Sophie Campbell is determined to be mistress of her own fate. Surviving on her skill at cards, she never risks what she can’t afford to lose. Yet when the Duke of Ware proposes a scandalous wager that’s too extravagant to refuse, she can’t resist. If she wins, she’ll get five thousand pounds, enough to secure her independence forever.
Stays at the Vega Club . . .
Jack Lindeville, Duke of Ware, tells himself he’s at the Vega Club merely to save his reckless brother from losing everything, but he knows it’s a lie. He can’t keep his eyes off Sophie, and to get her he breaks his ironclad rule against gambling. If he wins, he wants her—for a week.
A week with Jack could ruin what’s left of Sophie’s reputation. It might even cost her her heart. But when it comes to love, all bets are off . . .
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My Once and Future Duke: The Wagers of Sin
Sophie Graham has wonderful memories of the first twelve years of her life. Her parents were deeply in love, and traveled all over, as her mother was an opera singer. Upon her parents’ unexpected deaths, she was left as a ward to her grandfather, who wanted no part of her. Viscount Makepeace disowned his son years ago for marrying a singer against his wishes, and now he ships his granddaughter, Sophie, off to Mrs. Upton’s Academy. Sophie stays there until she turns eighteen, at which time, her grandfather cuts off his funding and says she is on her own. Sophie works as a companion for a time, and a bequest from her employer gives her a stake for the future she’s planning. She reinvents herself as the widowed Sophie Campbell, and sets off to London to make her fortune at the gaming tables.
Jack Lindeville, Duke of Ware, has reached his limit of what he will tolerate from his younger brother, Philip, whose latest gambling debt is over two thousand pounds. Jack finds Philip at the Vega Gambling Club the very evening he promised to stay away for a full month. Not only is he there, but he’s in the process of losing another large sum to a lovely lady. Jack has had enough, and confronts Philip directly, in front of his friends. Sophie is Philip’s gambling partner, and she feels compelled to add fuel to the flames of their confrontation, bringing Jack’s attention to her. Soon Jack is goaded into gambling with Sophie, and their wager escalates to five thousand pounds if she wins against a week in his company if he wins. Since Sophie is a skilled player and odds calculator, she accepts the bet, thinking how close she will be to her goal of financial freedom. However, Sophie can’t calculate luck, and it’s on Jack’s side tonight. He wins the bet, and hustles Sophie out to his carriage, and off to his estate, Alwyn House.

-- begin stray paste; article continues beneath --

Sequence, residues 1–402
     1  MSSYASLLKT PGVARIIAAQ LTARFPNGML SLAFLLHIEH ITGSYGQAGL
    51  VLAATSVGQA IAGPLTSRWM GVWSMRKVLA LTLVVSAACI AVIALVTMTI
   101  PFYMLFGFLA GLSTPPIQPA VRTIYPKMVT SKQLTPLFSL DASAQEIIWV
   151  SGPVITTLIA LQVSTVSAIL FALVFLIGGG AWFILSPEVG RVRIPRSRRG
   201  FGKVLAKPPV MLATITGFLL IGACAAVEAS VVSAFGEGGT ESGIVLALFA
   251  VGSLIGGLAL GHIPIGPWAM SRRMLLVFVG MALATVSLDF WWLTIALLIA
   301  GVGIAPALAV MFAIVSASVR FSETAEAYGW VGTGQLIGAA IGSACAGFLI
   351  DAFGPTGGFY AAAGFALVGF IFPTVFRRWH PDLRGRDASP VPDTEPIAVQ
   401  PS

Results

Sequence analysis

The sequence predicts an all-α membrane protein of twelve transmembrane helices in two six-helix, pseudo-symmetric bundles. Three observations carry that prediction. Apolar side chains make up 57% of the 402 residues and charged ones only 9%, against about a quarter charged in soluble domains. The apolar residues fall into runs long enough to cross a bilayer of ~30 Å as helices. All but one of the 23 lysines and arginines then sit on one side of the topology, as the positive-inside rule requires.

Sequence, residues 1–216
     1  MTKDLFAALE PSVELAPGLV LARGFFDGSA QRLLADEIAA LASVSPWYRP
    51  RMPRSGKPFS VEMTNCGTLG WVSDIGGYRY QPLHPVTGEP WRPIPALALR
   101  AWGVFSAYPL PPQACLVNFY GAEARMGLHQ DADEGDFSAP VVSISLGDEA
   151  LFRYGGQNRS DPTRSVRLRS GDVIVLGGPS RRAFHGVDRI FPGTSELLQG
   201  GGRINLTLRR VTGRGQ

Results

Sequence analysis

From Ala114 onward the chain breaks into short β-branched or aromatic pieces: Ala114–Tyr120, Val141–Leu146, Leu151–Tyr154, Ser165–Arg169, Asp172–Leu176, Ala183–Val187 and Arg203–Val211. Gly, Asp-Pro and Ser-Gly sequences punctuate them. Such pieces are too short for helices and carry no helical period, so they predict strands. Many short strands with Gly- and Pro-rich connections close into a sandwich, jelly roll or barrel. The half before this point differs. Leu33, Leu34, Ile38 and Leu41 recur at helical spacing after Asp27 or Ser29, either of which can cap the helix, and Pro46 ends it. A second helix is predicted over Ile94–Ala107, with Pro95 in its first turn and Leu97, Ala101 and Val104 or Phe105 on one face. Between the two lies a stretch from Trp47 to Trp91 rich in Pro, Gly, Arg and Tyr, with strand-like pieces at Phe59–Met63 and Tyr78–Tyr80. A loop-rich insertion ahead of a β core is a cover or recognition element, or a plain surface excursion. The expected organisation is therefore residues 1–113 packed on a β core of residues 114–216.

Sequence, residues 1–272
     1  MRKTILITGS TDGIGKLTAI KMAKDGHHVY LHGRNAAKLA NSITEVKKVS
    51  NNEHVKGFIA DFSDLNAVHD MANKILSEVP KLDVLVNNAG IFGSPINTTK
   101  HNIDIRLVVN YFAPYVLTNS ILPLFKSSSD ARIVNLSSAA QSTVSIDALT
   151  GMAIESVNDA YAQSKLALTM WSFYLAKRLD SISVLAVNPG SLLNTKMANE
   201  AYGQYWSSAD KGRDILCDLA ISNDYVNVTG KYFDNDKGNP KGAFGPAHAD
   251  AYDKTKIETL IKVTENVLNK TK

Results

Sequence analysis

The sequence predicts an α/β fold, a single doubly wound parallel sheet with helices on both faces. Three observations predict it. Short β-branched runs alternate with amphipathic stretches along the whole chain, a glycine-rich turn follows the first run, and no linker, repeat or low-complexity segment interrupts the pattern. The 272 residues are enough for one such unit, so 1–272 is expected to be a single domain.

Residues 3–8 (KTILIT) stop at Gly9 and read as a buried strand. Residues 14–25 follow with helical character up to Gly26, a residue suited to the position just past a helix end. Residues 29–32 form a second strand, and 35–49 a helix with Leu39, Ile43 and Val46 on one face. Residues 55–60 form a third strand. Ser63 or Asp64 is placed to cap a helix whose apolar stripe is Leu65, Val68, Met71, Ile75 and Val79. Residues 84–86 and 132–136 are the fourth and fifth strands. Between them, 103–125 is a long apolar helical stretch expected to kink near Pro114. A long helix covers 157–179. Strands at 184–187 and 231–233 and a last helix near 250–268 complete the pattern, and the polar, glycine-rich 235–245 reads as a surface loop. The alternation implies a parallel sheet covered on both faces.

Jack is too honorable a man to expect sexual favors from Sophie. In fact, the whole wager and loss of his temper was totally out of character for him. He won’t deny that he found her desirable from the first moment he saw her, but he felt he had to remove her from his brother’s company. Alwyn House is Jack’s sanctuary, away from the demands of his title and his family. He treats Sophie with the utmost courtesy, and she is charmed by the more relaxed and charming version of the Duke of Ware. Over the next several days, they explore his home and his estate, and become better acquainted. Before the week is up, they spend a passionate night together. While Jack is more than willing to continue seeing Sophie once they are back in London, Sophie declines. She is barely on the fringe of polite society due to her gambling, and a liaison with a duke would completely ruin her. They say a sad goodbye, never expecting to see each other again.
While Philip had previously been friendly and flirtatious with Sophie, he now exhibits a possessiveness and determination to have her that is unbearable, and Sophie seeks help from Jack. Seeing Sophie again fills Jack with joy, and despite their best intentions, they begin an intense and steamy affair, and soon they are deeply in love. Even though Jack begins seriously thinking of forever, they have several obstacles to overcome, including his family’s very shocking expectation of him.
I found a very sad part of this story to be the way brothers Jack and Philip drifted apart. As young boys and men, they were very close, but their father’s death seemed to change all that. At the young age of twenty-four, Jack came into the title before he was fully prepared. He had to put away the youthful pleasures he enjoyed and become responsible. While he became more steadfast and serious, it seems that Philip became more irresponsible and resentful of Jack. I admire the man Jack is – his honor, his strength. I love the way he treated Sophie and never judged her, and I love how he came to the realization that he needed her in his life and her background didn’t matter. At first I questioned Sophie’s decision to make her fortune by gambling, as it seems so seedy. Yet, there are very few choices for a woman in that time if she wants to be independent. Her lifestyle never turned her hard or bitter, and she held true to her own set of principles. MY ONCE AND FUTURE DUKE is a fabulous read, with likeable characters who had a strong chemistry and a wonderful camaraderie and romance. I devoured this warm and well written romance in one sitting, and highly recommend it. ~Rose